There are books who's cover I find interesting and I might glance inside, but who's first paragraph is so repugnant to me, I immediately put it down.  There are some classic books I feel I ought to read and then struggle through the first chapter and immediately dismiss it from my mind.  A Clockworth Orange, for example.  I'm not going to struggle through near incomprehensible slang just to feel depressed.

Other books I buy and they sit on my shelf, until I move it to a box, and finally give it away.  I don't know why I can't bring myself to read these books and I feel sad for their lost potential.  Some books stay on my shelf for a long time.

Still more books, I crack open and get through about the midway point.  And then I realize I have no desire to go on.  Maybe the plot hasn't caught on soon enough.  Maybe I realize I don't care about the characters.  Whatever the reason, I put it down and never pick it up again.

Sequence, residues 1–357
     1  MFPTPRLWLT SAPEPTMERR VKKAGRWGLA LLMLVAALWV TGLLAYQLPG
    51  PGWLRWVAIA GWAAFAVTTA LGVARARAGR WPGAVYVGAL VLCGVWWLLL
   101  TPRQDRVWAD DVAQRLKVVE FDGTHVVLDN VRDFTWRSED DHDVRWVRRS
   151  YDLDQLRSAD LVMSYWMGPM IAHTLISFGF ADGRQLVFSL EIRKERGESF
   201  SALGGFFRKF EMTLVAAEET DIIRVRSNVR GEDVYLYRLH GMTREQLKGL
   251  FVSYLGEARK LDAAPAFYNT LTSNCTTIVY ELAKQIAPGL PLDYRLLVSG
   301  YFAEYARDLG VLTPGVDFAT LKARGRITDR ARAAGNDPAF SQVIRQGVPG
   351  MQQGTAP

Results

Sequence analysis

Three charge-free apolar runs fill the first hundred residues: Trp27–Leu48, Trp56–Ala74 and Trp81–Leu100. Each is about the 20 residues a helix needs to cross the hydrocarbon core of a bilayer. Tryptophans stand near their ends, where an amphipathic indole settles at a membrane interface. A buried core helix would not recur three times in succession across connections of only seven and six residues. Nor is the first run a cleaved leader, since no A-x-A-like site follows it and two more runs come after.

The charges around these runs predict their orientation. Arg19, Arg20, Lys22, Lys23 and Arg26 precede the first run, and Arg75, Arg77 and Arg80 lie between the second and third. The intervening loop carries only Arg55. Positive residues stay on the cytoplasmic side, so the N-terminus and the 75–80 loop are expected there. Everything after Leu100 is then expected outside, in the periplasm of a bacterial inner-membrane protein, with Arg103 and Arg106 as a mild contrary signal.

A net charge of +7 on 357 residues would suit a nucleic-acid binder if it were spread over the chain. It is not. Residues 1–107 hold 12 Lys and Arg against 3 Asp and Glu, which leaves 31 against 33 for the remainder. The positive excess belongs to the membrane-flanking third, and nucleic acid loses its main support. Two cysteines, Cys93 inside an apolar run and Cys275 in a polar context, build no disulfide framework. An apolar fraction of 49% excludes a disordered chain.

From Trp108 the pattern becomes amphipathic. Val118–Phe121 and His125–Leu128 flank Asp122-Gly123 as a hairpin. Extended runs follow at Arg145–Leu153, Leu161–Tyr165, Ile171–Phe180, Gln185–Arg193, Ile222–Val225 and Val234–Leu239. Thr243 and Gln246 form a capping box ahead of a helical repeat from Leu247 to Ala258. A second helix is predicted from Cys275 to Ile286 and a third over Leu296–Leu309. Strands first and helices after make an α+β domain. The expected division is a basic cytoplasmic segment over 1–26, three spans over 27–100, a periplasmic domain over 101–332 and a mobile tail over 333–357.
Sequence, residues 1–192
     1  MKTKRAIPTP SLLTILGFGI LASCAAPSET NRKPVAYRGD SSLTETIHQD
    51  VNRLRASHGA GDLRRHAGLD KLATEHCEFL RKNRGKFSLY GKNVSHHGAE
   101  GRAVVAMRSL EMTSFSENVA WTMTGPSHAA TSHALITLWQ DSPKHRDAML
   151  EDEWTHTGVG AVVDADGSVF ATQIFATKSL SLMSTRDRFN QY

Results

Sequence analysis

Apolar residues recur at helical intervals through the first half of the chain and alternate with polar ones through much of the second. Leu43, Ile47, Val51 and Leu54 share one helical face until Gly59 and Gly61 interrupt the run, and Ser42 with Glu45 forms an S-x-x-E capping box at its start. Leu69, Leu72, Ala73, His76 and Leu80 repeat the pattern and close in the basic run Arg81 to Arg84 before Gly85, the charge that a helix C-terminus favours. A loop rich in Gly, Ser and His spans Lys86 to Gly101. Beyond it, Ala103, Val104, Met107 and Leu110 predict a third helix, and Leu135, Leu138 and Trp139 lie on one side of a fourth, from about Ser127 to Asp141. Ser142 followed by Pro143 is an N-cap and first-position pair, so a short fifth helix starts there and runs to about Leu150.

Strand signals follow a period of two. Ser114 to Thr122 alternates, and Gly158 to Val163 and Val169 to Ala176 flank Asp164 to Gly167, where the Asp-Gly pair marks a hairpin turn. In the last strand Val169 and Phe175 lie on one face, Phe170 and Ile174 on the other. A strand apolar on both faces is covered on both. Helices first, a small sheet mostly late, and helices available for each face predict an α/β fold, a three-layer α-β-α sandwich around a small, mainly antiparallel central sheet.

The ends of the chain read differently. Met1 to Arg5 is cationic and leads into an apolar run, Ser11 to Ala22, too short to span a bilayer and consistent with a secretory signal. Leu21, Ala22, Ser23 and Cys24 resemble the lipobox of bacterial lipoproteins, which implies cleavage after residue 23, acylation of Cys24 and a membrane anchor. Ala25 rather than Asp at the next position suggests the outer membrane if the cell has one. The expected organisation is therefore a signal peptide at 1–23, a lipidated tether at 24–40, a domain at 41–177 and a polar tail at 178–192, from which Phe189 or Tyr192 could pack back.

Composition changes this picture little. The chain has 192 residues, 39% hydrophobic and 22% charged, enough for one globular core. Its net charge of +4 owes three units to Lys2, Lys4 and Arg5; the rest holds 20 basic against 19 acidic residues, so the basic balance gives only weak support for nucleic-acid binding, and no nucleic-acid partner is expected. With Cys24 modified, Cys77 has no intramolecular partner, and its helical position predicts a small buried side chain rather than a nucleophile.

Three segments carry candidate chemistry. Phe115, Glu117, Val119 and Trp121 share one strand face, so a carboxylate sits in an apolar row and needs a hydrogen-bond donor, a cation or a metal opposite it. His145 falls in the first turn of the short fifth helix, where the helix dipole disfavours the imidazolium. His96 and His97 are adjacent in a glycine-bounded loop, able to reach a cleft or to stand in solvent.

Then, there are books that compells me through until the very end, even though I don't like it very much.  Catcher in the Rye, for example, or the latter books of the Twilight series.  I can't figure out why I can't stop reading and I feel sort of angry, like an addict who can't quit his drug.

Some books I read with enjoyment all the way until the very end, when the author does something so terrible, it ruins the whole book.  The Family Tree, for example.  I feel so upset I throw the book down in disgust and spend another hour ranting in my notebook exactly how the author screwed it up.

A few books I read and I enjoy and I may even recommend to a friend or family member, if I remember.  But they don't particularily stick to my soul, and I find myself forgetting them over time, like an aquaintance I met at a coffee shop.

Some books stick to me in a way I don't like.  Like 1984.  I will never forget that torture scene and so help me God, I will never read it again.  It traumatized me for a week.  It was an important, eye-opening book, but I just cannot let my soul go through that sort of pain again.